• Will the relationship be exclusive or deprive you of working with other professionals?
  • Do they have a documented approach for managing and cultivating their own clients?
  • Will you be required to follow regulatory requirements for their respective business?
  • Will you be exposing your intellectual property to a potential rival?
  • Is the person you are engaging with the real person in charge?
  • Do they have legal rights or patents to share the resource they are offering you?

Protect Your Brand

You need to thoroughly vet the business practices, financial standing and reputation of a potential alliance. You also need to vet any market opportunities presented by the other party. If a potential alliance talks a good game about markets they have access to; yet, cannot articulate the exact relationships, results or organizations they are involved in, you should be skeptical.

You don’t want to co-brand or market with other companies that might tarnish your reputation, waste your time or become your rival. You want to protect the value of your brand and proprietary resources.

Some additional questions you need to answer include:

  • Does the potential alliance have client complaints, regulatory issues or financial liens on record?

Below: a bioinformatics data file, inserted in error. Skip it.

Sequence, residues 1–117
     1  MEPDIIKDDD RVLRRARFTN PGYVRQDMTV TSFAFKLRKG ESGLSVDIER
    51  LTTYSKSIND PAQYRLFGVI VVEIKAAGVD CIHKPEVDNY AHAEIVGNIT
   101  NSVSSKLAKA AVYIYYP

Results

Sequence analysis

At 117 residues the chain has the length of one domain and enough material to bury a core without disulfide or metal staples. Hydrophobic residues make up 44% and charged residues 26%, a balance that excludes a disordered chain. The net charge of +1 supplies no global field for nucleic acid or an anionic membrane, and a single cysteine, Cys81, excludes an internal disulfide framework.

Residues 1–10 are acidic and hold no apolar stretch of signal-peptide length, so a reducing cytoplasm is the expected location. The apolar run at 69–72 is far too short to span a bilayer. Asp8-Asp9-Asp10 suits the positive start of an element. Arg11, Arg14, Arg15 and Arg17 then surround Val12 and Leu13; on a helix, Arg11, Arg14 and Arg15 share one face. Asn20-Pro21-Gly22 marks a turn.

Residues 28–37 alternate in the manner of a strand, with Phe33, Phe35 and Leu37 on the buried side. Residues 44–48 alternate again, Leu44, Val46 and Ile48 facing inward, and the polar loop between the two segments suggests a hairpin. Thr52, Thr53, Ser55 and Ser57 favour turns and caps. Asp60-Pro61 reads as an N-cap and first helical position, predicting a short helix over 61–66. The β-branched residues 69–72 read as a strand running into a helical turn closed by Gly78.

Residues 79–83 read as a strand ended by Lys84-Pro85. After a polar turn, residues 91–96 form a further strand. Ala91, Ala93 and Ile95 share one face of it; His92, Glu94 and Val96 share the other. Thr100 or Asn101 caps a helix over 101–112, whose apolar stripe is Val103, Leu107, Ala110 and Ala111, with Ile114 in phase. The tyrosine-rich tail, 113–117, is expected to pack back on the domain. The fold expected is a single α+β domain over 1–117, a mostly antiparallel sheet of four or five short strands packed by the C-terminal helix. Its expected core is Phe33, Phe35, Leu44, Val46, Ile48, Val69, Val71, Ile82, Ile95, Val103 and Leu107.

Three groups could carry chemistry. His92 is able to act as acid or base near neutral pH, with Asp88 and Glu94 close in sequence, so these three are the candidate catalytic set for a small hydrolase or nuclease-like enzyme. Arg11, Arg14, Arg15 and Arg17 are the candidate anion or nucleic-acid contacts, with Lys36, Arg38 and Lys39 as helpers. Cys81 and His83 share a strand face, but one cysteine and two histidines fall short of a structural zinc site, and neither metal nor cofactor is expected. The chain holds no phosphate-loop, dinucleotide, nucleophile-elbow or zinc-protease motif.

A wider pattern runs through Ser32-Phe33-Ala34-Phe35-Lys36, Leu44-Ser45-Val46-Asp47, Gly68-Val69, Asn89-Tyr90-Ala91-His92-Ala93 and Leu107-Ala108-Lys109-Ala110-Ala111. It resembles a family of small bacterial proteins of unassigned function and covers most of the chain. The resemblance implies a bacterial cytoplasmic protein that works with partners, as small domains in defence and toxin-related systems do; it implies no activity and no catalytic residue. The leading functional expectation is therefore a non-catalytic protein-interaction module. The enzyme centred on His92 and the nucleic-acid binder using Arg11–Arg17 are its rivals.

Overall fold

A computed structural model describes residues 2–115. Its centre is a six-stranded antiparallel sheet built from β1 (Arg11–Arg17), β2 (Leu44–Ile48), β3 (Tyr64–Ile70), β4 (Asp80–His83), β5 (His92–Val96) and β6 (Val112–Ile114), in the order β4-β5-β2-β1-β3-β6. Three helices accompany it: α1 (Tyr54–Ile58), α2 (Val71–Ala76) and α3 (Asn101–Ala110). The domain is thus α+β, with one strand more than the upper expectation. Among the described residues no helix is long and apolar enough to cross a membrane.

• Is their social media presence or website something you would feel safe referring or aligning with?
  • Are each of you willing to do a personal credit and criminal check on each other?
  • Have they been in the industry long enough to have a favorable track record?
  • Do they share your values?
  • Are they willing to share their services on a test case so you can see how they work?
  • Do they have affiliated parties involved in their business that also need to be vetted?

Leading the Relationship

Once you have passed the initial vetting, the next step is taking initiative. Often the other party is waiting for you to initiate the first steps and set the marketing plan. You need to take the lead in outlining a series of protocols and marketing strategies to help the relationship move forward.

Many professionals are not marketing experts and may rely on you for direction. If you do not take the lead, you could be delaying opportunities to grow your business and attract mutually beneficial clients.

It is enticing to expand your network, but you may soon realize that setting up a strategic alliance does not automatically turn on the flow of referrals or business. There needs to be a business development strategy, clear expectations and accountability.

Written Legal Agreements

It is imperative to have clear written agreements with proper legal review. You need to outline who has primary ownership of the client relationships or products generated, how revenue will be structured, protection of intellectual property, and who is responsible for suitability and liability in your work together. You also need to document dissolution or termination parameters, to name a few.

The “Don’ts” 

Capacity Issues